In June, we travel to my favorite wine growing region in all of France! You’ll find the Loire River Valley situated about 2 hours drive south of Paris. The region is next to many of France’s most famous drink regions: it’s directly north of Cognac, south of Normandy (cider!), and west of Burgundy. The Loire, as a whole, is very diverse in wine styles, in climate, in geography, and in geology. For this reason, it can be divided into three primary growing areas:
1. Lower Loire: Pays Nantais
Landscape: The majority of the vineyards are found on the flat, south facing banks of the Loire, Sèvre, and Maine Rivers. The Atlantic Ocean is very close, from 6–60 miles (10–96 km) to the west, so the climate is maritime with cold, damp, stormy winters, cool cloudy springs, warm humid summers, and often blustery falls. Sounds a bit like Seattle, WA.
Soil: The soils in Pays Nantais are predominantly volcanic (igneous) with top-soils of porous gneiss (granite-like rock). So, this means vineyards have good drainage, which is ideal for the wet climate.
2. Middle Loire: Anjou, Saumur, and Touraine
Landscape: The blustery and damp maritime weather is tempered as you move inland. The seasons are more defined and the climate is more hospitable.
Soil: The soil types are as numerous as the varieties of grapes. There are four main sub-regions:
• Anjou: around the city of Angers
• Layon: a sweet wine region located along the Layon River, encompassed by Anjou
• Touraine: Around the city of Tours
3. Upper Loire: Centre
The Upper (or Central/Centre) Loire is the smallest region, but it’s home to the most famous Loire appellations–Sancerre and Pouilly-Fumé. The Sauvignon Blanc from these two areas are emulated throughout the wine world.
In many ways, this area has more in common with the Burgundy region of Chablis, than with the rest of the Loire Valley. The climate is what can be called semi-continental with big differences in the daytime and nighttime temperatures (the diurnal swing). Frost is always a concern during spring and fog engulfs the valley in the fall.
Centre is closest to the source of the Loire River in the Massif Central Mountains and the majority of the vineyards are found along the river where they take advantage of its temperature moderating influence. The soils vary quite a bit with three distinct soil types, all found atop a base of Kimmeridgian Limestone, (the same as Chablis, parts of Champagne, and the white cliffs of Dover).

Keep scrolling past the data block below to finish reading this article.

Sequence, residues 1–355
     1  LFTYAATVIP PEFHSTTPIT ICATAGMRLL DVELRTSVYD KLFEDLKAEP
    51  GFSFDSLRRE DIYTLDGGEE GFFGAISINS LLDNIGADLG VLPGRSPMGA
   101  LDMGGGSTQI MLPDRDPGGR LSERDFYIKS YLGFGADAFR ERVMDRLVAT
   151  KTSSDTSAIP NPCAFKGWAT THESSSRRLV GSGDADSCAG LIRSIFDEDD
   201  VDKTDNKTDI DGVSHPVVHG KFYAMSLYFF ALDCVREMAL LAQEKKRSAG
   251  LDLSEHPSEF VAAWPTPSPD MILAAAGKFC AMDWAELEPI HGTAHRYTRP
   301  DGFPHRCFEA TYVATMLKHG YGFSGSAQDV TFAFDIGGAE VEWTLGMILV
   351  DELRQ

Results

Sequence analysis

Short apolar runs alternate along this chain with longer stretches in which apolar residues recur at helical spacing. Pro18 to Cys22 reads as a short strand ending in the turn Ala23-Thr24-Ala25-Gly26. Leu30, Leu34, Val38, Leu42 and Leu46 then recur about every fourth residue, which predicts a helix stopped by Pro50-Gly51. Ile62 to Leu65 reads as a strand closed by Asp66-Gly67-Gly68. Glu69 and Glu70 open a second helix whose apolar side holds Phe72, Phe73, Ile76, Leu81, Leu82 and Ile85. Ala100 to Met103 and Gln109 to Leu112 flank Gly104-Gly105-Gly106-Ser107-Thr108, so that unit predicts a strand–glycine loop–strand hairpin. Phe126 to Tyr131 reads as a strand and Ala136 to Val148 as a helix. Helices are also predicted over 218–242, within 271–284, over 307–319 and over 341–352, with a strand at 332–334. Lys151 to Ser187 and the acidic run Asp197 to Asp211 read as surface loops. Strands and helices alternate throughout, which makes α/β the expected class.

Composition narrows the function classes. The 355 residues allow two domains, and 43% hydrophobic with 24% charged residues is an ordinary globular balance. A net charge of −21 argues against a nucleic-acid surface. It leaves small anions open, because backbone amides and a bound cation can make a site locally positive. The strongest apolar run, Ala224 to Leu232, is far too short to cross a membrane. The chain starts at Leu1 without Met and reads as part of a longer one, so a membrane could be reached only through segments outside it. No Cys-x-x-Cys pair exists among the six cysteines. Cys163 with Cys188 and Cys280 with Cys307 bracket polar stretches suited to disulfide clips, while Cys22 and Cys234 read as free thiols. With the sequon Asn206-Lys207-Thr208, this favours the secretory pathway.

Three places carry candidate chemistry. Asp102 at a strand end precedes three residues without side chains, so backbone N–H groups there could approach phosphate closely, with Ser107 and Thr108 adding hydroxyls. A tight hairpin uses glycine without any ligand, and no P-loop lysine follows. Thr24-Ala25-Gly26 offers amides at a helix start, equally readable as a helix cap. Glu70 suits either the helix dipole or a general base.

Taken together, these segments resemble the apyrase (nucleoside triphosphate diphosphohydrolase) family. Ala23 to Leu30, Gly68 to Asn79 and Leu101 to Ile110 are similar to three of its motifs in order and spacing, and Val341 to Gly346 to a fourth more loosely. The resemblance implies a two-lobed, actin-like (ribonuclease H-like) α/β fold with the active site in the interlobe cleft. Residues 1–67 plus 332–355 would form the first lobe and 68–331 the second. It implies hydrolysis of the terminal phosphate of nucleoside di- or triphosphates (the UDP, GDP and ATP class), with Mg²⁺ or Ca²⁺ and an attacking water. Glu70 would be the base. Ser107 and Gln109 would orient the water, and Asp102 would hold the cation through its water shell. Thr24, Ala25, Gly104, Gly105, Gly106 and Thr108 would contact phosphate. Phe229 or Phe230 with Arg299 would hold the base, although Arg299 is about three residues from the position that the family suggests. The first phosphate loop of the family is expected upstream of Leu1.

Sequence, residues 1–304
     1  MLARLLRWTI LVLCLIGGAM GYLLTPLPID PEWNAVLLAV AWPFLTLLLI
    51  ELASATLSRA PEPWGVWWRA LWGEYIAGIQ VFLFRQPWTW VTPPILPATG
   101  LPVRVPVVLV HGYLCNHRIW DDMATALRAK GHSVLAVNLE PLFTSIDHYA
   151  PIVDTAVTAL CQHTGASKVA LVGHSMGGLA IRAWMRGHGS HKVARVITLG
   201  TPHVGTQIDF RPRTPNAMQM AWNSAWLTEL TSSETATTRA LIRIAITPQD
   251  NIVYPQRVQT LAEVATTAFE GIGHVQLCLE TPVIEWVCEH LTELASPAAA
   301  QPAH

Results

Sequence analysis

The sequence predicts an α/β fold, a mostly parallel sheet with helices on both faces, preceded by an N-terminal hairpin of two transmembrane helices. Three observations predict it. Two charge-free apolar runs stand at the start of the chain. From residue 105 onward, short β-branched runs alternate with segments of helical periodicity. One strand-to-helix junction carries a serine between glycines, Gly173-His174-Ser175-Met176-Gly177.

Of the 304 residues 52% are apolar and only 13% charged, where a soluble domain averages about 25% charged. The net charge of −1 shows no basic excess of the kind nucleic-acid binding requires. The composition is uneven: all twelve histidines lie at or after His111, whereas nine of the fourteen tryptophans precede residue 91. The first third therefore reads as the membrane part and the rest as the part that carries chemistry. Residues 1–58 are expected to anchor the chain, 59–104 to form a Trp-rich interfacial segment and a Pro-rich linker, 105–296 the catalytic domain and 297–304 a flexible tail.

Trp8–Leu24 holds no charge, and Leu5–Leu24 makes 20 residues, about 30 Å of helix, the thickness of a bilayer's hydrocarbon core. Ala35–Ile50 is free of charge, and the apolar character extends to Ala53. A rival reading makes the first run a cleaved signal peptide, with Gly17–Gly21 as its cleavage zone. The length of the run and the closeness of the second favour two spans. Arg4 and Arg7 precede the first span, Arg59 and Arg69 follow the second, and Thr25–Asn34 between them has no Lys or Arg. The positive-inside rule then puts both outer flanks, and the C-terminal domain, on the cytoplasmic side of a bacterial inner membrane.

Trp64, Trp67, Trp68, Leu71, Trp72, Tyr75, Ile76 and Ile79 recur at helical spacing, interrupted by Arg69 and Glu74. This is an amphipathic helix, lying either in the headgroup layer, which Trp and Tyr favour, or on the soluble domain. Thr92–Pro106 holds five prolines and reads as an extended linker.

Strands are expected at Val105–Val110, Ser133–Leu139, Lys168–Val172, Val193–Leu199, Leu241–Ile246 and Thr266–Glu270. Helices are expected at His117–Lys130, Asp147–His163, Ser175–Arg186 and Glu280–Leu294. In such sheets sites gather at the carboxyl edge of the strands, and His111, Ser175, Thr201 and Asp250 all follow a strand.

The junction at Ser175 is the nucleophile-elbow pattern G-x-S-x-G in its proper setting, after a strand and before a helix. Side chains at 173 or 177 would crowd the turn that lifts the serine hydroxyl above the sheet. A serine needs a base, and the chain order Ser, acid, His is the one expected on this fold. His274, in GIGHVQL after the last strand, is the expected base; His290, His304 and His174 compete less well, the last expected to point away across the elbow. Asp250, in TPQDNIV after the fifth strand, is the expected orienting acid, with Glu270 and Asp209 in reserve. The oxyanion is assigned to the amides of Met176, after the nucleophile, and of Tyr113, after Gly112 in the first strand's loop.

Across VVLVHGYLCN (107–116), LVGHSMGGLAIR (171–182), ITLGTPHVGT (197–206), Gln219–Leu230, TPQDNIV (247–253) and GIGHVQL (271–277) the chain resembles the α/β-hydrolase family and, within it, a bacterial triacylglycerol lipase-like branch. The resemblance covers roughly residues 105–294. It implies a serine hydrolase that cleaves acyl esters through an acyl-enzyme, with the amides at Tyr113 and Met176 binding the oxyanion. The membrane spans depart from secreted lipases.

Now for the stars!
Domaine Philippe Tessier “Le Point du Jour”- Pinot Noir/Gamay
Certified organic since 1998, the estate covers 22 hectares and produces Cour-Cheverny, from Romorantin, as well as Cheverny from Gamay, Pinot Noir and Côt for the reds, and Sauvignon Blanc with Chardonnay and Orbois for the whites. The estate maintains living soils with diverse flora and fauna; harvesting is by hand and fermentations are with wild yeasts with no addition of sulfur.
This Cheverny rouge is equal parts Gamay and Pinot Noir grown on clay/limestone soils. The wine shows lovely aromas of tart cherry, raspberry, and cinnamon with violet and citrus. There is a lovely mélange of cherry, black raspberry, and strawberry on the palate that is light and lively but with good depth. Serve chilled with charcuterie, grilled meats, and mild cheeses – great on a summer picnic or cookout!
Bernard Baudry “Les Granges”- Cabernet Franc
Bernard Baudry is unquestionably one of Chinon’s most outstanding producers. Not only does he have the talent to make delicious and consistent wines, vintage to vintage, but he is also fortunate enough to have vineyard land that showcases many of the varied soil types of the appellation. After completing his studies at the viticultural school in Beaune, Bernard returned to the Loire Valley to consult in Tours. By 1975, he had purchased his first two hectares of land in Cravant-les-Coteaux, a village from which almost half of the production of A.O.C. Chinon is sourced. “Les Granges” is produced from gravel and sandy soils and from 40-year-old vines. Animated red fruits swirl around a dense core of blck fruits. Red and purple floral perfume abounds accompanied by some green herbs to add to Cab Franc’s rustic nature. Not Rougeard but at a fraction of the price, it’s a classic, stand-up example for Chinon rouge.
Eric Chevalier “Clos de la Butte”- Melon de Bourgogne
Éric Chevalier is a rising star in the Nantais of the Loire Valley. For ten years, he sourced fruit for a large négociant in the Touraine. In 2005, he decided to return to his hometown of Saint-Philbert de Grandlieu, just southwest of Nantes, and ended up taking over the family domaine, Domaine de l’Aujardière, the next year. His father, a talented vigneron who did not bottle much of his wines and was well-known as a high-quality source of bulk wine, had stopped working the vineyards and the vines were either going to have to be pulled up and replanted, or sold. Éric was anything but enthusiastic. Little by little his passion grew, and today he is proud to be the fourth generation to farm the domaine. He is also proud to be bottling more and more of the family’s production himself. Éric sustainably farms twenty-five hectares of vines, producing wines of great character and finesse. He found his future in his family’s past. What makes this Muscadet a Freaky Friday contender is its richness and savoury, oxidative power. Partly attributable to the 50-year-old vines – producing Melon de Bourgogne grapes with a great knack of showing minerality and place. Partly the nine months on lees with regular stirring – imparting masses of complexity, along with trademark notes of citrus pith, subtle stone fruit and oceanic minerality. A downright compelling Muscadet.